“Most of these technologies have already been separately tested and proven over many years of reliable use in the energy industry,” said Len Heckel, Shell Canada’s Quest Venture Manager.
The three component technologies of CCS are:
carbon dioxide (CO2) extraction from process gas streams;
pipeline transportation, and;
injection of CO2 into a deep geological formation.
“We’re confident Quest will demonstrate that these components will work just as safely and reliably within an integrated CCS system as they have in other applications,” Heckel said.
Shell will construct the Quest CCS project on behalf of the Athabasca Oil Sands Project joint venture owners, which are Shell Canada Energy (60 per cent), Chevron Canada Limited (20 per cent) and Marathon Oil Canada Corporation (20 per cent). The project has also received funding from the governments of Alberta and Canada.
Beginning in 2015, Quest will capture more than one million tonnes per year of CO2 from Shell’s Scotford oil sands upgrader near Fort Saskatchewan, Alberta -- the equivalent of taking 175,000 cars off the road annually. The CO2 will be sent by an 80-km pipeline to a suitable storage site where it will be injected and permanently stored more than two km underground.
Quest uses Shell technologies
Shell’s patented ADIP-X amine-based capture technology has been a worldwide gas processing industry standard for extracting hydrogen sulphide and CO2 from natural gas for more than 40 years. Fine-tuning the amine process to preferentially recover 98-per-cent-pure CO2 from the upgrader’s hydrogen manufacturing units is the only new aspect of the Quest carbon capture unit.
The Scotford upgrading process adds hydrogen to the heavy oil to break it down into synthetic crude oil which can then be processed into products like gasoline. Producing this hydrogen produces one of the largest sources of CO2 emissions from the upgrader.
Capture facilities will use an amine solvent to capture the CO2 from the process stream. The CO2 is released from the amine by heating and then dehydrated and compressed. The compression reduces its volume by about 400 times turning it into a very dense fluid. The “liquid” CO2 will be transported by an underground pipeline to between three to eight injection wells located north of the upgrader.
CO2 has been transported by pipelines in large volumes since 1972, for use in enhanced oil recovery (EOR) from declining oil fields, mostly in Texas. The longest, largest-capacity pipeline in the world was originally built in 1983 and was operated by Shell, moving CO2 800 km from the naturally-occurring McElmo Dome reservoir in Colorado to the Wassan oilfield in Texas. Today, the U.S. Energy Information Administration says 105 projects in that country safely inject more than 50 million tonnes of CO2 per year into oil formations to produce 90 million barrels of oil per year.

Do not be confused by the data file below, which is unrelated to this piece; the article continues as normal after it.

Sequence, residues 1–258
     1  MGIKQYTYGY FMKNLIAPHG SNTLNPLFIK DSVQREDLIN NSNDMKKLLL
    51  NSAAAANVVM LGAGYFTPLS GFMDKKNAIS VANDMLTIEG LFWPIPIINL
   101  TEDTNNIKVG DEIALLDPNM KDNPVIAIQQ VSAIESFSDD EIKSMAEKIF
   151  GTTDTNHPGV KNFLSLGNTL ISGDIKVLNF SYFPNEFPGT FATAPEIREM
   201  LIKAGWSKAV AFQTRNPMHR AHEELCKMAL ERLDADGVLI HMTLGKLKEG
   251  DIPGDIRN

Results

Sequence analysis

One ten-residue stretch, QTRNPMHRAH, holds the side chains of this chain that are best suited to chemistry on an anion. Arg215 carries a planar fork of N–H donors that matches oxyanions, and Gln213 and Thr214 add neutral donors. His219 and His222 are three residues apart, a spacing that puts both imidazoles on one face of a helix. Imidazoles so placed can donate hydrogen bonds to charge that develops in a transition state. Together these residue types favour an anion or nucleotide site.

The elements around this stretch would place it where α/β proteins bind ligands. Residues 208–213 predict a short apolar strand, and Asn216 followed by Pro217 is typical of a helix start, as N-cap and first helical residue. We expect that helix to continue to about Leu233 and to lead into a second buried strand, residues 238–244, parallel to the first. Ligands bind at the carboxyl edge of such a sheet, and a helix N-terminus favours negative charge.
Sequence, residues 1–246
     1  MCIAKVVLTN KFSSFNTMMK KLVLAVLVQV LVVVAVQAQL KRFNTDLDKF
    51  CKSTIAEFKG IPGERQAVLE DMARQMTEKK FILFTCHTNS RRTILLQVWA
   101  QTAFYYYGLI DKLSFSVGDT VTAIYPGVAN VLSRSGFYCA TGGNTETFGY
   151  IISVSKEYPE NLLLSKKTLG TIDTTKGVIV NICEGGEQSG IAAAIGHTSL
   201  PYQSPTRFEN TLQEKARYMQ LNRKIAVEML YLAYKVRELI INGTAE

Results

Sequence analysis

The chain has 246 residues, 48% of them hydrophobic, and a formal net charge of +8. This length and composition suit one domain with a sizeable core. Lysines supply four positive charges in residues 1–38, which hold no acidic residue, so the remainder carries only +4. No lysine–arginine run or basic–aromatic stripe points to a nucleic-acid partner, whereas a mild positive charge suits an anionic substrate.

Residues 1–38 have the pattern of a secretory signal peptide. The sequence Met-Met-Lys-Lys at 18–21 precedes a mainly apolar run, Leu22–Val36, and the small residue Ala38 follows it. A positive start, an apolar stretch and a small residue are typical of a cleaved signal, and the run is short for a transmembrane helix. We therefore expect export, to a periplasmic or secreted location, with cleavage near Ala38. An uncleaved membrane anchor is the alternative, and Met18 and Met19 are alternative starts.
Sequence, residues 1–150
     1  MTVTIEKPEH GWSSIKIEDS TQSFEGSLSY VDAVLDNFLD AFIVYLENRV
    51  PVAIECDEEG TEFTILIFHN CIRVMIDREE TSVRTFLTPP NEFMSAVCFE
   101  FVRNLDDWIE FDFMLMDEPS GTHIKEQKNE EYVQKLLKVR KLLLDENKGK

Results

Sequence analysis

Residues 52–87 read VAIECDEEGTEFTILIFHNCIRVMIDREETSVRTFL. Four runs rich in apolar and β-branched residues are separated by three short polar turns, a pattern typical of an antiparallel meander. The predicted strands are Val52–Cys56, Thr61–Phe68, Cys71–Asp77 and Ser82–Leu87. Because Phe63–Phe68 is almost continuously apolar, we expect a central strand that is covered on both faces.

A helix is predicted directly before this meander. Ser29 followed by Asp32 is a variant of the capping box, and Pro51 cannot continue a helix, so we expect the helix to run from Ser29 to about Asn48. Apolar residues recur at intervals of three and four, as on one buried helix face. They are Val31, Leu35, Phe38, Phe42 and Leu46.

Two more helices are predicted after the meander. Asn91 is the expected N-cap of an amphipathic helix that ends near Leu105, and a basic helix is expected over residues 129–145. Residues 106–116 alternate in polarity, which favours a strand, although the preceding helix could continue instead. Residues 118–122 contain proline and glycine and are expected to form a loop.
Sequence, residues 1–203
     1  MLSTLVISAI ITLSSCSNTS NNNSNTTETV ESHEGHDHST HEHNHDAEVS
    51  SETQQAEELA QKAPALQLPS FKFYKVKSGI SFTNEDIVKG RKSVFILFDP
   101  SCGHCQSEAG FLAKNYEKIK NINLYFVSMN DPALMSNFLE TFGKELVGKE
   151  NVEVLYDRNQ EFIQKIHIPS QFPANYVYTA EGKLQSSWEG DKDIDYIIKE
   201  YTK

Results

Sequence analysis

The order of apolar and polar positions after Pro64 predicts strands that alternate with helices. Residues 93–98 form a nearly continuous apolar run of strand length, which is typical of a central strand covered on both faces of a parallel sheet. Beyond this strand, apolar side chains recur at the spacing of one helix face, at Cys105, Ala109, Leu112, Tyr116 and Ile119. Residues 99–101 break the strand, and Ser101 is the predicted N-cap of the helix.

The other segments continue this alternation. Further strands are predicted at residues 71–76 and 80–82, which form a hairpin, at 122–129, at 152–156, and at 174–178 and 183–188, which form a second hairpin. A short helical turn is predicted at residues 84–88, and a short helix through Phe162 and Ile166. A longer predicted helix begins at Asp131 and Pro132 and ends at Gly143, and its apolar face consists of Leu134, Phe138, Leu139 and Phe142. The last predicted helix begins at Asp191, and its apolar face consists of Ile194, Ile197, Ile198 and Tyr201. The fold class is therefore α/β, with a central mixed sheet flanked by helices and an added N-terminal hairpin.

The natural gas industry also has decades of experience in injecting into underground geological formations. Although underground geological formations were first proposed by the U.S. Geological Survey in 1909 as the safest and most secure way to temporarily store large volumes of natural gas, the first commercial gas storage facility was opened in Welland County, Ontario in 1915.
Demonstrating storage capacity
Shell’s Quest CO2 storage formation is not connected to an oil or gas reservoir. Rather, Quest is designed to prove the storage capabilities of the very deep Basal Cambrian Sandstone (BCS) formation that underlies large parts of Alberta, Saskatchewan and the Northern Plains in the U.S. The BCS is considered ideal for CO2 storage at the chosen location because of its more than 2-km depth and multiple overlying layers of impermeable rock formations that act as regional seals.
Demonstrating the capacity and capability of this formation for high-volume permanent CO2 storage is important for the CCS projects that will be required in future to help governments achieve their CO2 reduction targets.
According to Dr. Stefan Bachu, a Distinguished Scientist with Alberta Innovates – Technology Futures*, the BCS is the best formation for permanent storage of CO2 in Alberta and Western Canada based on its large storage capacity; lack of hydrocarbons or other resources that would conflict with its use as a CO2 storage reservoir; and the fact that historically it has been penetrated by very few wells.
“Developing CCS as a technology to address climate change is vital,” says Dr. Bachu. “Shell's Quest project is important because it will help to demonstrate the integrated technology and the suitability of the BCS for CO2 storage.”
Quest will be the first CCS project in North America to inject commercial-scale volumes of CO2 into the BCS – after being the first project in Alberta to receive the rights to inject CO2 into “pore space” under new provincial CCS legislation enacted in 2011.
Modeling the subsurface
Shell has made a competitive advantage of its ability to model subsurface formations and this expertise has been used to ascertain the containment integrity of the underground area selected for storage.